Arms of William Daubeney


From the Dering Roll (c. 1270-1300)

Blazon: Gules five fusils conjoined in fess, in chief three martlets argent

Our third and final Daubeney! I would surmise that William is probably a younger brother of Ralph – potentially the fourth, if these arms are consistent with the later system of cadency. However, I’m not sure they are. I believe that the Daubeney family claims the most family members (who share a surname) on the Dering Roll.

Arms of Philip Daubeney


From the Dering Roll (c. 1270-1300)

Blazon: Gules five fusils conjoined in fess argent, in chief three molets of five points or

The Daubeney/d’Aubigny/de Aubeney/etc. family strikes again! It’s fairly clear to me that this is a differenced version of the family arms – but given that Ralph had both a younger brother and a son named Philip, it’s not obvious which of them bore these arms, as both would be entitled to bear Ralph’s arms with a difference. The timelines make me think it’s slightly more likely to have been his brother; it’s less likely, though not at all impossible, that his son would have been old enough for military service at the time the Dering Roll was being drawn up. Another (though less definite) point in favor of the brother is the English system of cadency; first sons would use a label as their marker of cadency, while the molet allegedly belongs to a third son. However, this wasn’t really systematized until the mid-fourteenth century, at the earliest, so I don’t want to put too much weight on this point.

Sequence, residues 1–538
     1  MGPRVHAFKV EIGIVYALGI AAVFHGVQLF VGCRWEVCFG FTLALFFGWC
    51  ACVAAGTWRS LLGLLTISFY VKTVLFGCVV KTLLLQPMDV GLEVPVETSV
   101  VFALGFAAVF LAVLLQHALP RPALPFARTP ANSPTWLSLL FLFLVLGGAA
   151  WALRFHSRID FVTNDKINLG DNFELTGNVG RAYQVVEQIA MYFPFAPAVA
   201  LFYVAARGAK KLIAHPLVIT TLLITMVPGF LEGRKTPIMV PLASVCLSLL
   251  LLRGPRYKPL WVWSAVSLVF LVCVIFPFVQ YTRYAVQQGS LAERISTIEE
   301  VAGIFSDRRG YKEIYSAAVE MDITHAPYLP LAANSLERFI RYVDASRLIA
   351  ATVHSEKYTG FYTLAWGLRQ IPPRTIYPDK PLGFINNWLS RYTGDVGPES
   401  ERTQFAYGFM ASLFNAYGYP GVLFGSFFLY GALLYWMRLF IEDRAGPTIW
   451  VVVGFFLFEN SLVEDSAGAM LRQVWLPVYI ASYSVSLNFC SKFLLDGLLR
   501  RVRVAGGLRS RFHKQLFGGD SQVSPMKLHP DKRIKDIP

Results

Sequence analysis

Arms of Ralph Daubeney


(c. 1214 – before 1292)

From the Dering Roll (c. 1270-1300)

Blazon: Gules five fusils conjoined in fess argent

The Daubeney family would be much easier to research if they could settle on one way of spelling their surname, but that’s an occupational hazard of genealogical research in the Middle Ages. The Ralph featured here is likely the nephew who inherited the lands of Philip d’Aubigny, who went on crusade and died in Jerusalem in 1236. This means there is a beautiful contemporary example of the de Aubeney arms in the Church of the Holy Sepulchre. Philip was, at that time, the head of the family, so when he died, the undifferenced arms passed to Ralph as well.

(And yes – I found all of those spellings and more. Standardization of orthography is a great gift that we should all be thankful for, at least when trying to figure out who lived when.)

On the marriage of Josceline with Agnes, he took by express stipulation the name of Percy, that he might preserve the name of the house; and he quartered his arms with were or, a lion rampant azure, with hers, which were azure five fusils in fess or.

From Historical Anecdotes of Heraldry and Chivalry, by Susannah Dawson Dobson, p110